Six on Saturday: The calm before the storm (27 April 2019)

It’s Friday evening as I write this. After the warm and sunny Easter break it was back to work on Wednesday, just as the weather was on the turn. The rain was welcomed, replenishing an empty water butt and giving the garden a good soaking. But the gales that are expected in the early hours of tomorrow morning are triggering a sense of foreboding. The new plant supports have been deployed, prioritising the plants of the tall and floppable variety like the alliums, and some of the smaller pots of seedlings have been taken off the swing seat and tucked safely away in the mini greenhouse. Will there be casualties? Will the fences survive another battering? I’ll let you know next Saturday. For now let’s focus on the garden as it was towards the end of the week…

1. As welcome as the rain was on Wednesday it does have a major downside after a dry spell: it tends to encourage the garden riff-raff and hoodlums to visit. A few years ago I planted some Pheasant’s Eye narcissus bulbs. They weren’t very successful. Only one appeared the following spring and that was that, they were never seen again. Last Autumn I decided to give them another go. Five were planted and four came up (the fifth may have been one of the bulbs I sliced through with a spade earlier in the year). The flower bud on one of the plants near the bird feeder was snapped off a few weeks ago (I’m assuming by the squabbling wood pigeons) but the others have started to flower. And oh how beautiful they are. This photo was taken on Tuesday before the rain arrived.

And this photo was taken on Thursday.

Initially I thought the rain had flattened it but upon closer inspection it appears to have been nibbled. This was no accident. This was wanton vandalism. Wool pellets have now been deployed around the remaining two and the trowel has been wielded with murderous intent against the slimy plant assassins of the night. The innocent victim has been plonked in a bud vase.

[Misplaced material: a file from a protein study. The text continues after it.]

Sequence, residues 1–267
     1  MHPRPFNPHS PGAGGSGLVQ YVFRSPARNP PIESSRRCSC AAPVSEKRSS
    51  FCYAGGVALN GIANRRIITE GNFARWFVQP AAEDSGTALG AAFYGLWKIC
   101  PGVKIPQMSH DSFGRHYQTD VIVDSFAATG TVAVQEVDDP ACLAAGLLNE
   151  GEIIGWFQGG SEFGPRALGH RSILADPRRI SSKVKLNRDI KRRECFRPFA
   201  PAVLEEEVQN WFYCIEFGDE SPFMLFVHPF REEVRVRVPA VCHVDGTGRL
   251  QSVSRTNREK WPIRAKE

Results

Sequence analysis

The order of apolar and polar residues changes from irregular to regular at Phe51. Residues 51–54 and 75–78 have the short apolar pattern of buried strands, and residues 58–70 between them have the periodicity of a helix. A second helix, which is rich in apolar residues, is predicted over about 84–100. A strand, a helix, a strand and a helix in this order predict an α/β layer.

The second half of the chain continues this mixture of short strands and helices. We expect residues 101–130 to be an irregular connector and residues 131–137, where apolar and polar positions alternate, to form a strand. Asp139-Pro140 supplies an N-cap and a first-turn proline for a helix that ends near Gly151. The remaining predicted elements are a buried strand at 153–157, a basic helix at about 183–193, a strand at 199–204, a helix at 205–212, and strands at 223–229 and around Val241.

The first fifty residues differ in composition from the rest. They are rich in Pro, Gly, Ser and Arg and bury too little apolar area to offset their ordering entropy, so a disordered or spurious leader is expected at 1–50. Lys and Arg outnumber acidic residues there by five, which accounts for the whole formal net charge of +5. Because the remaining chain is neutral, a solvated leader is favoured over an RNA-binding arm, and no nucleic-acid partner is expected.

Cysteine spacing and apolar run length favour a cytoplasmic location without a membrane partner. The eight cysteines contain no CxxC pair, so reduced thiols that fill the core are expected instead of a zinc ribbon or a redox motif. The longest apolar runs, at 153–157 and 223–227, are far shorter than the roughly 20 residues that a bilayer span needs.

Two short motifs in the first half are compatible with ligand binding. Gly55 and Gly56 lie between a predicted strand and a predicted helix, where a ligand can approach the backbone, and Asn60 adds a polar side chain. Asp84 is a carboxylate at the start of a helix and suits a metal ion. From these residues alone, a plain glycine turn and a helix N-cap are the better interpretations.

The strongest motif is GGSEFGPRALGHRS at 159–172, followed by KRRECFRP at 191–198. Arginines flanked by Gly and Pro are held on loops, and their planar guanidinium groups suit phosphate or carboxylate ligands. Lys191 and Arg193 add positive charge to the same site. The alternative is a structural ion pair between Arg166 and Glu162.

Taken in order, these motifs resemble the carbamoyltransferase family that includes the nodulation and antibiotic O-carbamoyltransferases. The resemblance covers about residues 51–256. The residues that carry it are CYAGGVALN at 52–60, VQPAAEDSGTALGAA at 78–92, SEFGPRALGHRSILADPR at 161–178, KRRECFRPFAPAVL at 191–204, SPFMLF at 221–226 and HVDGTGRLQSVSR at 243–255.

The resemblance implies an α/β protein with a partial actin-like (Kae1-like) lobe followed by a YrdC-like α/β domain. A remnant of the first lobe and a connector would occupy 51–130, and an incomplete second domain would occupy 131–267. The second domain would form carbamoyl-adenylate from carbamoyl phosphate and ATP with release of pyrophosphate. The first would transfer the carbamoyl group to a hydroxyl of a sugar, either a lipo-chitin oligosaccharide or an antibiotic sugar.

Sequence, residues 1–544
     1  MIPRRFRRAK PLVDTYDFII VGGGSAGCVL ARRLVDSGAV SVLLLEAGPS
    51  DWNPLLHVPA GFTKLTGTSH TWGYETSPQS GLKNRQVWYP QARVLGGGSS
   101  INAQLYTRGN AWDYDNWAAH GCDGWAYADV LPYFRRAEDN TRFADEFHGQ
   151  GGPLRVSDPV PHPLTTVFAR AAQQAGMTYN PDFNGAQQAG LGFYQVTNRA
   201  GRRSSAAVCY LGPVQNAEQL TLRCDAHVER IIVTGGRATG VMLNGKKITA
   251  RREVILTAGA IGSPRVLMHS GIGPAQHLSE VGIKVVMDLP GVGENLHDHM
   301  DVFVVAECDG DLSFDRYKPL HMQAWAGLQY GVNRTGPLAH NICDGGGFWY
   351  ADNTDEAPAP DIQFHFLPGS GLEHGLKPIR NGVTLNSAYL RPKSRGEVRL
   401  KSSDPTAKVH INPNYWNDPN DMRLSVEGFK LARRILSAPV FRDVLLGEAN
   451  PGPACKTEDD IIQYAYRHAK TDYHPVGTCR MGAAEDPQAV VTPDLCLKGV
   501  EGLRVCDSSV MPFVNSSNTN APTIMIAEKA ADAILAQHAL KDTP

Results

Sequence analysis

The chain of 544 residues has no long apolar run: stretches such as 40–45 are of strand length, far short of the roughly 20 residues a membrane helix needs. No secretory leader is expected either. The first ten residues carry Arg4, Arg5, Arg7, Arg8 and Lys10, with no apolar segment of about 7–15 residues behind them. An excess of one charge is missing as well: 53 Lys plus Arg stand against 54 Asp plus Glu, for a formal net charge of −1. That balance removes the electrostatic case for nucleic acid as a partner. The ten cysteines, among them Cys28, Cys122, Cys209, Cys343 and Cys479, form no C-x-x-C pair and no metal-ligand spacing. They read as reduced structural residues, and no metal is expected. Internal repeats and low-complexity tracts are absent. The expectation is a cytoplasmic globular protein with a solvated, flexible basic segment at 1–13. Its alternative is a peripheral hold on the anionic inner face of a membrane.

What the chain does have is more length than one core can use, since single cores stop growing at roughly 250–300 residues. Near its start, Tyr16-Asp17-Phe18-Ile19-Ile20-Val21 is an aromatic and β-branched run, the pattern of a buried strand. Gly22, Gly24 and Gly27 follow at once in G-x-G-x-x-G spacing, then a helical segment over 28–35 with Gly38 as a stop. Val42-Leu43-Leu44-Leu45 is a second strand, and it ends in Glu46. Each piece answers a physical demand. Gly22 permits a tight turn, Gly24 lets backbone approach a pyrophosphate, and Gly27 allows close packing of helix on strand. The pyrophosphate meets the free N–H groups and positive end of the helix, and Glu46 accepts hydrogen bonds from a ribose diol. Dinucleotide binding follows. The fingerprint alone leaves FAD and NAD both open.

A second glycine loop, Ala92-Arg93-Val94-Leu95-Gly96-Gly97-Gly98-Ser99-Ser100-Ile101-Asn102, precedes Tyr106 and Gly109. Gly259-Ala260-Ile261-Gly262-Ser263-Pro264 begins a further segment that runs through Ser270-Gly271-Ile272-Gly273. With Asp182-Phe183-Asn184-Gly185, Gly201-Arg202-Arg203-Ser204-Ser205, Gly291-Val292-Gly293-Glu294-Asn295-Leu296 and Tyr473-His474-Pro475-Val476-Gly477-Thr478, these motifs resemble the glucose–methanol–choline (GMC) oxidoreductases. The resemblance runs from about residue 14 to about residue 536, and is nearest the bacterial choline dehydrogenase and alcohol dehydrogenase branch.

2. Remember the new seeds I accidentally purchased last week? Well, the Cosmos ‘Fizzy’ and the Pink Dandelion are coming up already.

3. The sweet peas were planted in their final pots. These are a mixture of Heirloom Mixed and King Size Navy Blue. I re-used last year’s wigwam, though I probably should have redone the string as it’s looking a little slack (laziness on my part).

And these are dwarf sweet peas, sown from the left over seeds that came free with the Garden News Magazine last year.

4. The Clematis montana is in full flower and has also managed to escape into the neighbour’s Pyracantha. It has a lovely fragrance that reminds me of egg custards. Why? I asked myself that same question and then it dawned on me. Nutmeg. I always apply a liberal dusting of extra nutmeg to my shop bought egg custards and the flowers of this montana have that same nutmeggy scent.

It’s providing a rather nice backdrop to the deliciously scented Viburnum carlesii ‘Compactum’.

In an attempt to provide some extra support for the clematis and the new Gertrude Jekyll climbing rose (which you can just about glimpse to the right of the Viburnum) I added a few more vine eyes and wires, snapping the odd clematis bud off in the process. Like the narcissus, they were put in a bud vase. Let’s hope the fence is still standing by the end of tomorrow.